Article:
Review: Ultimate Ears super.fi 5 Pro
Pros: Great sound for the dollar - balanced treble, midrange and bass, with emphasis on the low-mid and bass, delivering a significant benefit over lower-priced options on clarity/detail. Great metal carrying case and nice leather case; good number of silicone and foam earpieces for personalized fit.
Cons: Detail outstripped a bit on high end by competing Etymotic ER-4 series, though it’s made up for in bass; fit and comfort are above-average but not the best we’ve felt.
Given the variety of options available in the marketplace, we’ve broken our reviews of headphones into several price categories - “inexpensive” ($60 and under), “deluxe” ($150 and under), “premium” ($350 and under) and “price no object.” Up until recently, Ultimate Ears made products only for the price no object consumer - custom-fit studio monitor earpieces with the best available in-canal sound reproduction technology. Every set of UE phones required a fitting session with a professional audiologist - described here, and the finished products fit only one person’s ears, though if made properly, precisely.
With the growth of the iPod market, Ultimate Ears has wisely decided to capitalize on its good name to offer “super.fi” earphones - more affordable ($300 and below) one-size-fits-all models in your choice of iPod-matching white or generic black. The first such product is called the super.fi 5 Pro ($249.99), a pair of headphones positioned above Shure’s popular E3cs (iLounge rating: B), and around Etymotic’s ER-4 series (iLounge rating: A), but below Ultimate Ears’ custom fit UE-5 Pro (iLounge rating: A) and UE-10 Pro (iLounge: rating A-).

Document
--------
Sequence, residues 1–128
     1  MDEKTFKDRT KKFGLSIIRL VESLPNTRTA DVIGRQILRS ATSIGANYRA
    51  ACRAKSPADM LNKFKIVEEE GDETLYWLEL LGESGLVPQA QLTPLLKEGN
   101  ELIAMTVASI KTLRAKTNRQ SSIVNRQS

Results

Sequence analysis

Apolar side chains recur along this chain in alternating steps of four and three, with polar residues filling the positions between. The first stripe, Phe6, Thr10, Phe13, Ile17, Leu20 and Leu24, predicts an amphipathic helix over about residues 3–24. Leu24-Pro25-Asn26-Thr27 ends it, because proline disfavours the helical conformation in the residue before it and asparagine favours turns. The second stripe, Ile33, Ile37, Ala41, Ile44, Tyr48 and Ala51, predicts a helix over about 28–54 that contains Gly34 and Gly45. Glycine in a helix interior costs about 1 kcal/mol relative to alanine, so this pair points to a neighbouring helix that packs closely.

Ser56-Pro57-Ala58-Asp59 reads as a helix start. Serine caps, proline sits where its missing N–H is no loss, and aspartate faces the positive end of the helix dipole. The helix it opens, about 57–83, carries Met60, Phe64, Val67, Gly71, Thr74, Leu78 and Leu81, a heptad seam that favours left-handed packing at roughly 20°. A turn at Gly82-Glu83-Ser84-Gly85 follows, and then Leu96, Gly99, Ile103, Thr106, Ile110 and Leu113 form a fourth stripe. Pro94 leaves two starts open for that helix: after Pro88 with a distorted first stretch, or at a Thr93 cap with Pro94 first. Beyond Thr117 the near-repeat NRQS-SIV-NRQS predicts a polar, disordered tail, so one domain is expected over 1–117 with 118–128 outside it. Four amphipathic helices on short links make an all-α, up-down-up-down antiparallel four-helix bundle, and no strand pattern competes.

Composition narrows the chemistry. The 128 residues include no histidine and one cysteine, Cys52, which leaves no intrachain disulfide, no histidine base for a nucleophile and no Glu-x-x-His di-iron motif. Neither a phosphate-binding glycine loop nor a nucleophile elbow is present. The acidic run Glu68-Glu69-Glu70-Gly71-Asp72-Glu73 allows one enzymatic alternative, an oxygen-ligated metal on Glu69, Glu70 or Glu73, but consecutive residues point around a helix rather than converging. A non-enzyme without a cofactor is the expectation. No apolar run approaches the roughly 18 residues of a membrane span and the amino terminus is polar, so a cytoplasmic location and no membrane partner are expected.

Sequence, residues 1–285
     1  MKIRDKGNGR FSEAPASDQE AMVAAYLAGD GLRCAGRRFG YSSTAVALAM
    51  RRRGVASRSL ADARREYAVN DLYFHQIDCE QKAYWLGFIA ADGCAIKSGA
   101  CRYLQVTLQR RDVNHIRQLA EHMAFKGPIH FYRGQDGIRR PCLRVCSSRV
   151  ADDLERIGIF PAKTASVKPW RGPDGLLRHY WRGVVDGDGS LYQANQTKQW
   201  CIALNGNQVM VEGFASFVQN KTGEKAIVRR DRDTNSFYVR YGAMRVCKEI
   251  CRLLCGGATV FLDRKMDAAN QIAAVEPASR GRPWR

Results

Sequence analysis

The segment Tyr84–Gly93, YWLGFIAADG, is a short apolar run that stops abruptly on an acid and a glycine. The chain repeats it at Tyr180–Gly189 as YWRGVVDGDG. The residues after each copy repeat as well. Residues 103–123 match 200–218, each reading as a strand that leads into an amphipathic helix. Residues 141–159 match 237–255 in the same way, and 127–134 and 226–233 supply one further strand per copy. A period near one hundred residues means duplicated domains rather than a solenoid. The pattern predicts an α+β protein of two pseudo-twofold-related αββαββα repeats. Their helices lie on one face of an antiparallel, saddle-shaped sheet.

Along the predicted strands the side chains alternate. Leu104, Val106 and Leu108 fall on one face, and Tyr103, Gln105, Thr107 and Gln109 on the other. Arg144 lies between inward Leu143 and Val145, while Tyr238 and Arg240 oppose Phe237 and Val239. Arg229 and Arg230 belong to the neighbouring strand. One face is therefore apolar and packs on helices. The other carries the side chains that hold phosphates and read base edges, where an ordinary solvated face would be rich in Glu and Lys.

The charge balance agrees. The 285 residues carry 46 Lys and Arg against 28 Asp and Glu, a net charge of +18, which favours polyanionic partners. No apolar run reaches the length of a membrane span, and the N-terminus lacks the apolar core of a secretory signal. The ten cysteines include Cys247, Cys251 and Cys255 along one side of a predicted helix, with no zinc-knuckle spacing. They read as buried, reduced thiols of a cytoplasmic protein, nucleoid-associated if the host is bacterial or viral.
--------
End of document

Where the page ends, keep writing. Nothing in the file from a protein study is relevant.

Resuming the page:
Looks, Pack-ins, and Features
There’s a lot to like about the super.fi 5 Pros. The package shares certain aesthetic characteristics of the company’s more expensive offerings, including a metal carrying case - slicker and more practical than the one packed with the more expensive phones, actually - and cables with gold tips at both ends, one side cleanly detaching from the earpieces, the other attaching with a slim white L-shaped connector to your iPod. You can replace the cables ($20) if you prefer - most people won’t - or add an old-fashioned two-plug airplane adapter ($10).
Thanks to reinforced wires next to the earphones - also featured in the custom UEs - you can either let them dangle or mold the cables to wrap around the backs of your ears, something that isn’t possible with the custom pieces. An adjustable rubber cable manager lets you tighten or loosen the ear cords to your preferred length, and the medium thickness cables strike a better compromise than the super-thin Etymotic ER-6is or thicker, noisier ER-4s. They’re also around four feet long, just the right length for iPod listening.
While the super.fi 5 Pros’ white bodies and gray flanges aren’t as unique visually as UE’s transparent custom-fit options, they’re certainly identifiable as iPod accessories, and aided in the class department by two things you’ll see even if other people don’t: internal clear acrylic-covered UE badges, and clear piping from the drivers to your ears. Even when you place the flanges on the super.fis, you can see the clear plastic in the center - a nice visual touch.
Flanges are another important part of the package. Ultimate Ears includes a ton of different silicone rubber pieces, including three sets of variously sized single flanges similar to the ones included with Sony’s comfortable MDR-EX70 and 71 phones, a set of double flanges for added isolation, and even a set of foam inserts for those who prefer them. We remain partial to the silicone parts, and found that the best of them provided pretty good isolation - enough to largely (but not completely) drown out nearby dog barks and wind in a dog park. great for indoor listening.
An included leather case can be used to hold the flange collection or the super.fis, as you prefer, while a cleaning tool and two headphone plug adapters (an attenuator and 1/4” adapter jack) for different audio devices can be stored in a rubber insert that forms the middle and bottom of the metal case.
Audio Quality and Comfort